How can you possibly get to the point where they trust you with all their business and don't ask you to negotiate pricing if you jump the gun with an impatient request to do business? Can you say bada bing, bada boom?
Sending them invitations to valuable seminars and teleseminars, relevant articles, special reports, and all the rest, positions you as a great organization that is committed to helping them.
By the time you have offered the fourth or fifth piece of information for free, they're getting rather perturbed with their incumbent bank and are considering displacement.
This is right where you want them, because you're just about to…
Step Three: Offer them a way to show their appreciation.
After several kind offers sent out on a systematic basis, you offer a "bounce back"—that beautiful opportunity for them to raise their hand saying they are interested in something…anything. But you STILL don't mention you have a product. At this point, you MAY have to put duct tape over your mouth.
What you've just done is provided them the opportunity to say, "Hey, I'm noticing you and I'm liking what I see. Maybe we should talk sometime."
The crafting of that bounce back is critical. Every detail matters. It must be simple, easy to respond to, and speak to more FREE information…not products or services. I
KNOW you think this won't work...until it does. And that leads to…
Step Four: Since they're begging, SURE you can find some time to talk!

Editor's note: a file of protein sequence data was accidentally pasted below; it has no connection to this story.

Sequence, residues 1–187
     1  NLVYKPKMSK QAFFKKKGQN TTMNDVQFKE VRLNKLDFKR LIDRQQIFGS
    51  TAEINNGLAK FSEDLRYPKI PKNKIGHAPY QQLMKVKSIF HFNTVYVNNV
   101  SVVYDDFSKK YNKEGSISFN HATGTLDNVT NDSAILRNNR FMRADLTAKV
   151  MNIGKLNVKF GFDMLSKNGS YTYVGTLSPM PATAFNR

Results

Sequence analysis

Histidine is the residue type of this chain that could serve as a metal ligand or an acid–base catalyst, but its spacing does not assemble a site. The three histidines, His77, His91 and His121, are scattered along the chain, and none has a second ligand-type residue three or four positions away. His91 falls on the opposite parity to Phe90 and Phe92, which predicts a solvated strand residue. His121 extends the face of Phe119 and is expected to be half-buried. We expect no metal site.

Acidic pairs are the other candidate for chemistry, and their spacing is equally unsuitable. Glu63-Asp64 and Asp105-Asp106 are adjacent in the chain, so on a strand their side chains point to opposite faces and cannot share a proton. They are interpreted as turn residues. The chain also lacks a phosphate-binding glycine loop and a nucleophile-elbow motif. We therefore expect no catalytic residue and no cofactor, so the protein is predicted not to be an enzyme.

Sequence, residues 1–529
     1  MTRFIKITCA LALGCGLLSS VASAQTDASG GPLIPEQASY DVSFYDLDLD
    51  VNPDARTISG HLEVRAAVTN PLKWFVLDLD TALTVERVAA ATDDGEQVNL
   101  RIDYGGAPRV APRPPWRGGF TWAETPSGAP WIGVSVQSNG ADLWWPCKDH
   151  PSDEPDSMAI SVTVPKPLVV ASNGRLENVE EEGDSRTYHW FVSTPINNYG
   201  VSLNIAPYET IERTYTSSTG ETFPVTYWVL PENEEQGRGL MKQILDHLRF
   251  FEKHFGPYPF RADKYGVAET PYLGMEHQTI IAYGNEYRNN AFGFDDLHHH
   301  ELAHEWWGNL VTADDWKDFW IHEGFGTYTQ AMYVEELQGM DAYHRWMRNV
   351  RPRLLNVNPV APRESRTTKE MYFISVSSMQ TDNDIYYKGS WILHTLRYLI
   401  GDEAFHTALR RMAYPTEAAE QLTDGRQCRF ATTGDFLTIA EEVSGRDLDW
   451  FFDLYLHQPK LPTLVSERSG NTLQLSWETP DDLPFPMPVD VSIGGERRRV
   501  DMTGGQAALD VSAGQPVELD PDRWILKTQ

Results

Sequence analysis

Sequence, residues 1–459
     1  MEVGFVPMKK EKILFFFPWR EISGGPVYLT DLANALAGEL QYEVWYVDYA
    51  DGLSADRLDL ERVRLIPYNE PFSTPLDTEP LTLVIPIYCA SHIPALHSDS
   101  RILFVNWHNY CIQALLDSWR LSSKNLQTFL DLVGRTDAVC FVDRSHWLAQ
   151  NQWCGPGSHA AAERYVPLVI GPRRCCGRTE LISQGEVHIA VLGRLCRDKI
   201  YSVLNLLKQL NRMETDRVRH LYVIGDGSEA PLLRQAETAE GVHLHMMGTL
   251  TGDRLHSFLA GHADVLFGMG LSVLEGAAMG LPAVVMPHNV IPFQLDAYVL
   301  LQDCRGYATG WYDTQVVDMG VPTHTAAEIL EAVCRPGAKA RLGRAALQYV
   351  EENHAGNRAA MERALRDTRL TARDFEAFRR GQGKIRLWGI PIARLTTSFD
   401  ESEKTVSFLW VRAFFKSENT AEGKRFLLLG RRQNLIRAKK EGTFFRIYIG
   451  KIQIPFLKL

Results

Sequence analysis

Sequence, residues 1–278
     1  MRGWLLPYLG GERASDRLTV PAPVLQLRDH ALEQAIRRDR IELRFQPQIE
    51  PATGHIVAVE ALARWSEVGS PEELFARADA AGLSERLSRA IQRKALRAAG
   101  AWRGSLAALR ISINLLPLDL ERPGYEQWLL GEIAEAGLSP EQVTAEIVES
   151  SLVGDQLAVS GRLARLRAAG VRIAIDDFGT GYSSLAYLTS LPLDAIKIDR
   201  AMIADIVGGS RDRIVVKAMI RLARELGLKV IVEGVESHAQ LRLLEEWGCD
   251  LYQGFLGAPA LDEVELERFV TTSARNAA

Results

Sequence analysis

Within a few hours of the bounce back coming in, seize the moment and give them a call. But make sure to…
Step Five: Follow a sales process that assures you will close over 90 percent of qualified prospects without ever matching rate.
Yep. Really. I know you don't believe it. But lenders who don't know how to do this can't close more than 30 percent, and they're constantly matching rates.
But there is a new breed of banker that is doing it over and over again with great success, and they'll be thrilled to take away your business while you polish your "story" of why it can't be done!
After all of this time and effort, don't blow it now. If every one of your commercial lenders doesn't know how to follow a sales process that gets your prospects to verbally "commit" to do a deal at fair pricing BEFORE you do any work presenting a plan, or worst of all, taking it all the way to loan committee to waste those nice people's time—you have a behemoth of a bottleneck. You may want to prepare your board for the announcement of squeezed net interest margin and unnecessary loan risk.
Lenders sometimes get themselves into the position where they say those ugly, hideous words, "We can do this deal IF we match the rates," you KNOW you have a lender that's costing you your profits. You have an education issue and a mindset issue that must be rectified at once.
By following these five steps, banks that hadn't grown more than 4-5 percent a year suddenly find themselves growing their loan portfolio 10 to 25 percent within a year while improving loan quality and improving fees and pricing. If they can do it, you can do it. You simply have to shore up your knowledge gap. You can do that.